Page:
Beyond the QSBS Basics: Addressing 10 Common Inquiries

55447 Private QSBS FAQ
Multiple authors

Key takeaways

  • If you take the QSBS exclusion, you should hold documentation that specifies information like how long you’ve held your shares and the value of the company at the time the shares were acquired.

  • To increase the QSBS exclusion, gifts and transfers of shares must be made to a taxpayer. This can include an irrevocable trust for a family member, but it has its complications. 

  • Employees with options can utilize QSBS, but the option must be exercised to begin the clock for holding purposes and the company must be below $50MM at the time of exercise.  

There are many ways to take advantage of the exceptional tax benefits of a Qualified Small Business Stock (QSBS) under IRC Section 1202. Here, we outline some of the top questions about how founders, investors and employees of early-stage companies can help minimize their tax obligations.


1. What documentation do I need when I file my taxes and elect to take the QSBS exclusion?

From a technical viewpoint, you do not need documentation. If, however, you were audited, you’d want the ability to produce documentation that showed:

    • you held the shares 5 years;
    • the company’s gross assets were under $50MM at the time you acquired the shares; and
    • 80% of the company's assets were used in a qualified trade or business for substantially all your holding period.


In this video Christopher Karachale, Partner at Hanson Bridgett, shares his expert take on required documentation.



2. QSBS applies to US Federal Taxes, but what about state taxes?

Each state has their own treatment, although most, such as New York, conform to the federal code. Some states have their own code regarding Section 1202, while some states, such as California, disregard it completely.


3. What are some key considerations for increasing the QSBS exclusion?

The gift or transfer of shares must be made to a taxpayer.  This can include an irrevocable trust for a family member such as a child or a parent.  It is important to get advice around the trusts to make sure they will be able to claim an addition exclusion.  Also, gifting earlier is likely more beneficial for estate tax planning, but remember to revisit gifted shares as the final exclusion amount may change. Whether spouses who file tax returns jointly get a single $10M exclusion or $20M exclusion is an open question.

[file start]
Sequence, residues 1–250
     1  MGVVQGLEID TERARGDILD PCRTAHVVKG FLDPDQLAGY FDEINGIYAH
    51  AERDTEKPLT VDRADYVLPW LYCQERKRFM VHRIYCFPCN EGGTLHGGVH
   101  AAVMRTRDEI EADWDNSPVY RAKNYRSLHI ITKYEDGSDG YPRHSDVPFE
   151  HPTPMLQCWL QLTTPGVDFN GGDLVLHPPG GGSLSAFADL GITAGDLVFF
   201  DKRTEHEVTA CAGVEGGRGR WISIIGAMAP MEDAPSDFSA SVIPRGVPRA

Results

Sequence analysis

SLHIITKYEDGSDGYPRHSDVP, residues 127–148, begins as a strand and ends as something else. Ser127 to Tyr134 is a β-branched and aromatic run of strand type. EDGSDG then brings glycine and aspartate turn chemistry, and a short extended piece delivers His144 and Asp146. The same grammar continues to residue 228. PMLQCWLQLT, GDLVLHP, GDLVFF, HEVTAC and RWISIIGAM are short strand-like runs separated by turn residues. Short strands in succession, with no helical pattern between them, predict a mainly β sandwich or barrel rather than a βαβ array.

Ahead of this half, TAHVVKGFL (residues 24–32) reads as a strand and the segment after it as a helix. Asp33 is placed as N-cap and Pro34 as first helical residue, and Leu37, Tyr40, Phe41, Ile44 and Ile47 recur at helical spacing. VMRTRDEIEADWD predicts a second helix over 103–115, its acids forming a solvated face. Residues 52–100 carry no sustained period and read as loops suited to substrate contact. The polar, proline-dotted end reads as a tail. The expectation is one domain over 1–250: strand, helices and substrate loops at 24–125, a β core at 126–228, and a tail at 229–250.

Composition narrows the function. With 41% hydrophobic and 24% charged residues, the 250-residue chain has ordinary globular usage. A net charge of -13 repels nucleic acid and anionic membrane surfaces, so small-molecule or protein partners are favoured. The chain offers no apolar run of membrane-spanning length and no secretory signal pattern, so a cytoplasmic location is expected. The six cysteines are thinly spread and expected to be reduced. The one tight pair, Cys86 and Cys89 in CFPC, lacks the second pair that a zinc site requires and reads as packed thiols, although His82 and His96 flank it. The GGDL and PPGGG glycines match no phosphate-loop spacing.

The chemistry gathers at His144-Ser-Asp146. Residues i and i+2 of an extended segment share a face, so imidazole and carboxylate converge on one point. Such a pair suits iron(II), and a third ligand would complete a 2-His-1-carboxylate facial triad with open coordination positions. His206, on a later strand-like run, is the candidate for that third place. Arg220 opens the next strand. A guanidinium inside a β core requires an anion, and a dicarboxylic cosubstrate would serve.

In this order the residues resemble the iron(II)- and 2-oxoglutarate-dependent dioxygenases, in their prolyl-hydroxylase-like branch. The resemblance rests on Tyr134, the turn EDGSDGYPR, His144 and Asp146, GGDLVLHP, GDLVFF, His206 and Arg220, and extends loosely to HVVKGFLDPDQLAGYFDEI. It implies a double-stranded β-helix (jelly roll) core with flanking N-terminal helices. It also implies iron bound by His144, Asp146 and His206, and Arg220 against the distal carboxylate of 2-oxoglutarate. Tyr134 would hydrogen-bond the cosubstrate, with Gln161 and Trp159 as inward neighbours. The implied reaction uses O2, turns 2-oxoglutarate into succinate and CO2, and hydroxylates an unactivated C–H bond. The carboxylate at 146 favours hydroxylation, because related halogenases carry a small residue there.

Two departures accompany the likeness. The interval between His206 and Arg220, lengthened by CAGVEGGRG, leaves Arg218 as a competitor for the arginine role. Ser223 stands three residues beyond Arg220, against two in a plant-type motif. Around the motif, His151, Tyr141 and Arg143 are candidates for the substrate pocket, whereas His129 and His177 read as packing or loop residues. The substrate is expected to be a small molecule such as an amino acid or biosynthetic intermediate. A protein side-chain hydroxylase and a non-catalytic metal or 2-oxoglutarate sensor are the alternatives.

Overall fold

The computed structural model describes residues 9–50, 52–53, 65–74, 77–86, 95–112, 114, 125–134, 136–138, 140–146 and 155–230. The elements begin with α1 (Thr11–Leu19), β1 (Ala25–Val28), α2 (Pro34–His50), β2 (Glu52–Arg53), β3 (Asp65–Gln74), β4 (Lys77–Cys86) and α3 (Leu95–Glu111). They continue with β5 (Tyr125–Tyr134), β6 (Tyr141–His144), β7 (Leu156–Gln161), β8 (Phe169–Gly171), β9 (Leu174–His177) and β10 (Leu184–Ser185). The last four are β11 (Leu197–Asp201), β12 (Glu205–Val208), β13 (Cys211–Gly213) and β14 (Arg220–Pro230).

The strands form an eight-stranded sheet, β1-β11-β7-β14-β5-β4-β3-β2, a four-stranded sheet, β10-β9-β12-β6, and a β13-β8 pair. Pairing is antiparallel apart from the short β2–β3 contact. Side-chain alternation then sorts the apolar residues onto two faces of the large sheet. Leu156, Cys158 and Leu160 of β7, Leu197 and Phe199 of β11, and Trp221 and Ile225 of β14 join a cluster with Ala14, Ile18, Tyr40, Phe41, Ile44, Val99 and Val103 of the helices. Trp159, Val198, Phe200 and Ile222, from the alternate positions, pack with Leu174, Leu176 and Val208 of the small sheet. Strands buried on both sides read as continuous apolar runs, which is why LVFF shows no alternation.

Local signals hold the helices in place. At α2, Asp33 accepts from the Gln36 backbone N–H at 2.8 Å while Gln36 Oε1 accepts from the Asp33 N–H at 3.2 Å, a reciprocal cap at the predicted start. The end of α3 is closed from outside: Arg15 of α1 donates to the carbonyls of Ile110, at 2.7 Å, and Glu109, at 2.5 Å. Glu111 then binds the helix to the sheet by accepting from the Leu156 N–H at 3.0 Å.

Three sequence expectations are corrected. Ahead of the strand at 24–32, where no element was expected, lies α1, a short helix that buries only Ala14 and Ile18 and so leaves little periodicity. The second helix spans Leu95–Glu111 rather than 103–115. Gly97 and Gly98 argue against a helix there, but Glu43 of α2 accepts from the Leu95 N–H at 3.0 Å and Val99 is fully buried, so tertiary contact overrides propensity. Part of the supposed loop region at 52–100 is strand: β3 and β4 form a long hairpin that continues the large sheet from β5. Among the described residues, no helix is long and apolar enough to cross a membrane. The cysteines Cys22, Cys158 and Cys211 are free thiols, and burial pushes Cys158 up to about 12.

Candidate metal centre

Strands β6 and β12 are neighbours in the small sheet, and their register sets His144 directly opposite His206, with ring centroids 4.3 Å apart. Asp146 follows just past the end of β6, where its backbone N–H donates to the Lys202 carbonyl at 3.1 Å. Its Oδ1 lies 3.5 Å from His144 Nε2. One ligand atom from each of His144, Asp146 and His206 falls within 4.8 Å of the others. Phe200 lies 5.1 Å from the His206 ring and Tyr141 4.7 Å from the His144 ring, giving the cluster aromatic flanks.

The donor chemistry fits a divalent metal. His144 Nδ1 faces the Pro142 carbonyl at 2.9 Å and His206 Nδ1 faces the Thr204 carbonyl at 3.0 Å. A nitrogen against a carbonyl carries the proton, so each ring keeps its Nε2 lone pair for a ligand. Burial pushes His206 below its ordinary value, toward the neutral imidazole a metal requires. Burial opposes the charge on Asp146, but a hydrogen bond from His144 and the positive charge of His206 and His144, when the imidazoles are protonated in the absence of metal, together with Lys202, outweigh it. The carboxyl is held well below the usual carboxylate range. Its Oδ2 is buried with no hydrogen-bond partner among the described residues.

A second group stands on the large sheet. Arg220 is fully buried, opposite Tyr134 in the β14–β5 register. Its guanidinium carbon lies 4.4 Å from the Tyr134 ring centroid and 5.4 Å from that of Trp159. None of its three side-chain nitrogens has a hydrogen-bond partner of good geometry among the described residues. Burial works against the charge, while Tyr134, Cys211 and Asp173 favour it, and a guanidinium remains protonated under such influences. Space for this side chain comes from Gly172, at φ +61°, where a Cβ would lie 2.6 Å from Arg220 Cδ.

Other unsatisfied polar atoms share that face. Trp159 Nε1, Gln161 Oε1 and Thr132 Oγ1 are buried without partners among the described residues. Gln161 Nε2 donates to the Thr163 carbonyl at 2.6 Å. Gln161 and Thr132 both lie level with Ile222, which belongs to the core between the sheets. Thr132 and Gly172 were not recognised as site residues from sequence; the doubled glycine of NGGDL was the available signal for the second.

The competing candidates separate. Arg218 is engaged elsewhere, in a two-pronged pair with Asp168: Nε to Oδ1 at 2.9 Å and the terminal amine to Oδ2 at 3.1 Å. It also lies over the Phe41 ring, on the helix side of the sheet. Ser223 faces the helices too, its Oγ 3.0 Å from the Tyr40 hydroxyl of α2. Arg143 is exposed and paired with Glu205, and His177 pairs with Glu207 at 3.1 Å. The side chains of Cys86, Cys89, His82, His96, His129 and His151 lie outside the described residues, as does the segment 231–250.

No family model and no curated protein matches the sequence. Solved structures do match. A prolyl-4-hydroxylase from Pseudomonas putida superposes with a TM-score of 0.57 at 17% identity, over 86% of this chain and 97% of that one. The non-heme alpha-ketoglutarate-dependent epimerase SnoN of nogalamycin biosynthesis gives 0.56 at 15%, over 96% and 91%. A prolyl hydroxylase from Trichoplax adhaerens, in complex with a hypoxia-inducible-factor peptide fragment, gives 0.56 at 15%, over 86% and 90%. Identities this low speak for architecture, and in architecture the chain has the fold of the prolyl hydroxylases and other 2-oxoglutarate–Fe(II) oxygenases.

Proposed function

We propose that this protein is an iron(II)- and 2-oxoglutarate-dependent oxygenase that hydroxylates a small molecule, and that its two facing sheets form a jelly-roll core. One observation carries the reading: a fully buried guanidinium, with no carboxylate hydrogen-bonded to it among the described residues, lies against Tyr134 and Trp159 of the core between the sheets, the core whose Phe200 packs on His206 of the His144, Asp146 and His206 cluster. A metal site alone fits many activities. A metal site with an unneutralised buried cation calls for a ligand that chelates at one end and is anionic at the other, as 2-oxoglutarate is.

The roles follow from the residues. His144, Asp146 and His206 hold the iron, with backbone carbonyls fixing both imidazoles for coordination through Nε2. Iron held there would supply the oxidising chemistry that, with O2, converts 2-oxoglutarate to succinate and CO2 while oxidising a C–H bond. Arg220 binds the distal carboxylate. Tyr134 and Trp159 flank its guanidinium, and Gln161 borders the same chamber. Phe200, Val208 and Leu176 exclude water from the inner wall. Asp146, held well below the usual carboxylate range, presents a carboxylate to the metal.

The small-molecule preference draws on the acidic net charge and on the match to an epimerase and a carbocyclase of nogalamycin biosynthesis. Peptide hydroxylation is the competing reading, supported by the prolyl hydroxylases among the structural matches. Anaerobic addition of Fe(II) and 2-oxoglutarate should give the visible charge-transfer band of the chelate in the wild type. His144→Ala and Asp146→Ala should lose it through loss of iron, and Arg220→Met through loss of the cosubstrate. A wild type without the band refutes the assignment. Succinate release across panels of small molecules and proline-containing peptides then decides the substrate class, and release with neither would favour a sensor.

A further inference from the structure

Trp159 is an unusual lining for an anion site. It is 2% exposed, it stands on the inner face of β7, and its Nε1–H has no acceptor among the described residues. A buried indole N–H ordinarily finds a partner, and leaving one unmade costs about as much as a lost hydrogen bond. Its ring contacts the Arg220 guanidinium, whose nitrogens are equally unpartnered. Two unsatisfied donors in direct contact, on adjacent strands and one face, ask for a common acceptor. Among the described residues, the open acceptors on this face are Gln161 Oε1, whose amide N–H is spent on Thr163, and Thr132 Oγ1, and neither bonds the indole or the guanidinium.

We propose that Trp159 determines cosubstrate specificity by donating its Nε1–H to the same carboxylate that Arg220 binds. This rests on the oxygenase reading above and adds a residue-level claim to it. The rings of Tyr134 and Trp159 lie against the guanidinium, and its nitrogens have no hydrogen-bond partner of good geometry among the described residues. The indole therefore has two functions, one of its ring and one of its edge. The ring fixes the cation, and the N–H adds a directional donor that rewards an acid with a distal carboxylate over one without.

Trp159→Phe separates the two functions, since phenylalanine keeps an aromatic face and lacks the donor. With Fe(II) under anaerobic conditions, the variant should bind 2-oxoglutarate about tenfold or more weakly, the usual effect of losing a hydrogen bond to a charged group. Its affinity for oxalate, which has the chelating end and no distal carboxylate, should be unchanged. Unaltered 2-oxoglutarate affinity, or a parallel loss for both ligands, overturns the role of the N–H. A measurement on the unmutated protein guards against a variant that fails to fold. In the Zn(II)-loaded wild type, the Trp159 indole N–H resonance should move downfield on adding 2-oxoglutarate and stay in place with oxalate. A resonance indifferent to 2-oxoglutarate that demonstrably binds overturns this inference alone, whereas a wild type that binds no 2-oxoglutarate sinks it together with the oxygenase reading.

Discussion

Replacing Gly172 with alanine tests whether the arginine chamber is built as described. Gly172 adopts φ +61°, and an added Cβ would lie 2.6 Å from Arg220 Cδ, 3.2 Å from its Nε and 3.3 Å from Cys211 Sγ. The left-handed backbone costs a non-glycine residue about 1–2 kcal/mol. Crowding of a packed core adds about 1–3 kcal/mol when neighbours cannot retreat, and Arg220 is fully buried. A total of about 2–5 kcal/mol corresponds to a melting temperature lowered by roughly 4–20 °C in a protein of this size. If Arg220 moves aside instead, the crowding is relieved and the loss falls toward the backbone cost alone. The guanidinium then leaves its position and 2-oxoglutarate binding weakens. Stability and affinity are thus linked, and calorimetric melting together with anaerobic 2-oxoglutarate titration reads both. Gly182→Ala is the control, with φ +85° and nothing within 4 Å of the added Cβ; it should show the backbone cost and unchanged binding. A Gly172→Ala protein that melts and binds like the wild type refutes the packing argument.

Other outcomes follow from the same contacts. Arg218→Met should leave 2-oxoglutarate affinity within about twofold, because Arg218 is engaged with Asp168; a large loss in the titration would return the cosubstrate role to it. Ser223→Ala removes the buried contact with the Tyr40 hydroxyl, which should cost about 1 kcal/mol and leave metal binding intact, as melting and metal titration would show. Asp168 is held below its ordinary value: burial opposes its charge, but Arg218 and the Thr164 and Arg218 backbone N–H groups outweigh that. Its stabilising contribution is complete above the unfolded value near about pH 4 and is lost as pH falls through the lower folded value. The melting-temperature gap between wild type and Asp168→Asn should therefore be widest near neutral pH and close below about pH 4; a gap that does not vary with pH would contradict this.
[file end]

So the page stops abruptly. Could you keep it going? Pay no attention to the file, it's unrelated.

4. What options are available if the company is purchased for cash before the 5-year holding period has been met?

If shares have been purchased for cash, you have 60 days from the closing to roll the funds into another QSBS eligible company. It cannot just be a holding company, and it will need to meet QSBS requirements. Provided a taxpayer makes a valid rollover, the QSBS holding period from the first company tacks to the holding period for the new QSBS eligible company, helping the taxpayer get to the 5-year holding period for exclusion benefits.

Read more: Getting acquired before your shares are QSBS eligible? Here are three common scenarios.


5. If stock was acquired from a SAFE or convertible note, how are the shares treated?

Stock acquired from options, warrants, and convertible notes may still receive qualification under QSBS, but the timing would begin when the actual shares are acquired from the C-Corp.  Whether the QSBS holding period for a SAFE starts at the time the SAFE is purchased or at the time the SAFE converts to shares is an open question.


Watch the following video for more on SAFE notes and convertible notes qualifying for QSBS exemptions.



6. Can employees with options utilize QSBS?